# 1.3: Fundamentals of Waves

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In this section, we formally introduce the concept of a wave and explain some basic characteristics.

To begin, let us consider not electromagnetic waves, but rather sound waves. To be clear, sound waves and electromagnetic waves are completely distinct phenomena. Sound waves are variations in pressure, whereas electromagnetic waves are variations in electric and magnetic fields. However, the mathematics that govern sound waves and electromagnetic waves are very similar, so the analogy provides useful insight. Furthermore, sound waves are intuitive for most people because they are readily observed. So, here we go:

Imagine standing in an open field and that it is completely quiet. In this case, the air pressure everywhere is about 101 kPa (101,000 N/m2 ) at sealevel, and we refer to this as the quiescent air pressure. Sound can be described as the differential air pressure \(p ( x , y , z , t )\), which we define as the absolute air pressure at the spatial coordinates \((x, y, z)\) minus the quiescent air pressure. So, when there is no sound, \(p(x, y, z, t) = 0\). The function p as an example of a scalar field.

Let’s also say you are standing at \(x = y = z = 0\) and you have brought along a friend who is standing at \(x = d\); i.e., a distance d from you along the x axis. Also, for simplicity, let us consider only what is happening along the x axis; i.e., \(p(x, t)\).

At \(t = 0\), you clap your hands once. This forces the air between your hands to press outward, creating a region of increased pressure (i.e., \(p > 0\)) that travels outward. As the region of increased pressure moves outward, it leaves behind a region of low pressure where \(p < 0\). Air molecules immediately move toward this region of lower pressure, and so the air pressure quickly returns to the quiescent value, p = 0. The traveling disturbance in p(x, t) is the sound of the clap. The disturbance continues to travel outward until it reaches your friend, who then hears the clap.

At each point in time, you can make a plot of p(x, t) versus x for the current value of t. This is shown in Figure 1.2. At times t < 0, we have simply \(p(x, t) = 0\). A short time after t = 0, the peak pressure is located at slightly to the right of \(x = 0\). The pressure is not a simple impulse because interactions between air molecules constrain the pressure to be continuous over space. So instead, we see a rounded pulse representing the rapid build-up and similarly rapid decline in air pressure. A short time later p(x, t) looks very similar, except the pulse is now further away.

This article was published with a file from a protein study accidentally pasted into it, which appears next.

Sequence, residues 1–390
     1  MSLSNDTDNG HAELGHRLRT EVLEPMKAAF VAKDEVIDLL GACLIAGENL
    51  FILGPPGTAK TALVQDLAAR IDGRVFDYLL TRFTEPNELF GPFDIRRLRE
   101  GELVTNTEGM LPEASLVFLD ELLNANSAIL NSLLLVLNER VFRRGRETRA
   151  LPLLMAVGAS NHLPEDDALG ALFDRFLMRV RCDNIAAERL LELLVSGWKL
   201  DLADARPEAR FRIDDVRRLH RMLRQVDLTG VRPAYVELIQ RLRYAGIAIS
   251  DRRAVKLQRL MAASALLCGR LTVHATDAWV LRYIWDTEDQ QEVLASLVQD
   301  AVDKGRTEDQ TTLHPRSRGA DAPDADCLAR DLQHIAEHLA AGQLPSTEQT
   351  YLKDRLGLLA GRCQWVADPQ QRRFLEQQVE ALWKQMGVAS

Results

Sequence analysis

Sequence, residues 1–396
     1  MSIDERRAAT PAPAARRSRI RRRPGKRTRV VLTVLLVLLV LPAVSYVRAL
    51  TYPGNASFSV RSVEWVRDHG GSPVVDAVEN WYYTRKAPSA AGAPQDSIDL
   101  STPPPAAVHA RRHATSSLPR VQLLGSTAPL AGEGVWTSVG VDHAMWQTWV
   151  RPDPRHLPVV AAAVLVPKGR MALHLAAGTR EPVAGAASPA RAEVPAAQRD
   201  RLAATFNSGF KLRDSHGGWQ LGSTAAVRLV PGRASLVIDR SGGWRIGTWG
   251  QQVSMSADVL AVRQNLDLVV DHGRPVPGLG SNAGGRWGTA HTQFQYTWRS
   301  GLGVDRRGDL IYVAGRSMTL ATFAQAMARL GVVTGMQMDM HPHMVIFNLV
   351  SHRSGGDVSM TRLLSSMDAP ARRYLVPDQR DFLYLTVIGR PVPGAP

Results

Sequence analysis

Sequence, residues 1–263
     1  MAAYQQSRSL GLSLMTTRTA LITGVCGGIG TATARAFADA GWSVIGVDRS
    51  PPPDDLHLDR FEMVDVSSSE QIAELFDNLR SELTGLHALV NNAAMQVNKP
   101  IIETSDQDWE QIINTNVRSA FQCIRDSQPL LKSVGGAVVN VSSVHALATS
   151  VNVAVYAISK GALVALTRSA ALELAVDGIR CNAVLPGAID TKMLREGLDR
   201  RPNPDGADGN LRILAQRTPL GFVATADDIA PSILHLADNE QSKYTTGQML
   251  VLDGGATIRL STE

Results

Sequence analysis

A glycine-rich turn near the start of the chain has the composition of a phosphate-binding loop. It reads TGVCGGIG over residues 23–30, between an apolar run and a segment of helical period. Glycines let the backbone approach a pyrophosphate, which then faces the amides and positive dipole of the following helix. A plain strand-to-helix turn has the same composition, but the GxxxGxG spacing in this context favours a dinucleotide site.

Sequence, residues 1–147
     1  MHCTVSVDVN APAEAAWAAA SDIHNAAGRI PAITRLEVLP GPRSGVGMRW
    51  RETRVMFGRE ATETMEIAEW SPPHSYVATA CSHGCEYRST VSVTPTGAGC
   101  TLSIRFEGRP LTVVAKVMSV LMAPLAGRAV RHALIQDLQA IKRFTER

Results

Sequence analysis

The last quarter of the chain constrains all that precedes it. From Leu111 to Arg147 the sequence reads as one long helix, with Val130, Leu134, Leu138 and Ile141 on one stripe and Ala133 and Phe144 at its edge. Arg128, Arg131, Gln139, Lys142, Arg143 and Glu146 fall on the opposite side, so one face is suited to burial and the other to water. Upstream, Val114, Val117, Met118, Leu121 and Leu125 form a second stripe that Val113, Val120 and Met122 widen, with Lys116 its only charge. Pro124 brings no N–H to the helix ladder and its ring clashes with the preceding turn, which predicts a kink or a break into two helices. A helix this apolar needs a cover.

Figure 1.2: The differential pressure p(x, t) (top) a short time after the clap and (bottom) a slightly longer time after the clap.

Now: What precisely is p(x, t)? Completely skipping over the derivation, the answer is that p(x, t) is the solution to the acoustic wave equation (see “Additional References” at the end of this section): \[\dfrac { \partial ^ { 2 } p } { \partial x ^ { 2 } } - \dfrac { 1 } { c _ { s } ^ { 2 } } \dfrac { \partial ^ { 2 } p } { \partial t ^ { 2 } } = 0 \]

where \(c_s\) is the speed of sound, which is about 340 m/s at sea level. Just to emphasize the quality of the analogy between sound waves and electromagnetic waves, know that the acoustic wave equation is mathematically identical to equations that that govern electromagnetic waves

Although “transient” phenomena – analogous to a clap – are of interest in electromagnetics, an even more common case of interest is the wave resulting from a sinusoidally-varying source. We can demonstrate this kind of wave in the context of sound as well. Here we go:

In the previous scenario, you pick up a trumpet and blow a perfect A note. The A note is 440 Hz, meaning that the air pressure emerging from your trumpet is varying sinusoidally at a frequency of 440 Hz. Let’s say you can continue to blow this note long enough for the entire field to be filled with the sound of your trumpet. Now what does the pressure-versus-distance curve look like? Two simple observations will settle that question:

- \(p(x, t)\) at any constant position x is a sinusoid as a function of x. This is because the acoustic wave equation is linear and time invariant, so a sinusoidal excitation (i.e., your trumpet) results in a sinusoidal response at the same frequency (i.e., the sound heard by your friend).
- \(p(x, t)\) at any constant time t is also a sinusoid as a function of x. This is because the sound is propagating away from the trumpet and toward your friend, and anyone in between will also hear the A note, but with a phase shift determined by the difference in distances.

This is enough information to know that the solution must have the form: \[p ( x , t ) = A _ { m } \cos ( \omega t - \beta x + \psi )\]

where \(ω = 2πf, f = 440 \; Hz\), and \(A_m, β,\) and \(ψ\) remain to be determined. You can readily verify that Equation 1.3.2 satisfies the acoustic wave equation when

\[\beta = \dfrac { \omega } { c _ { s } }\]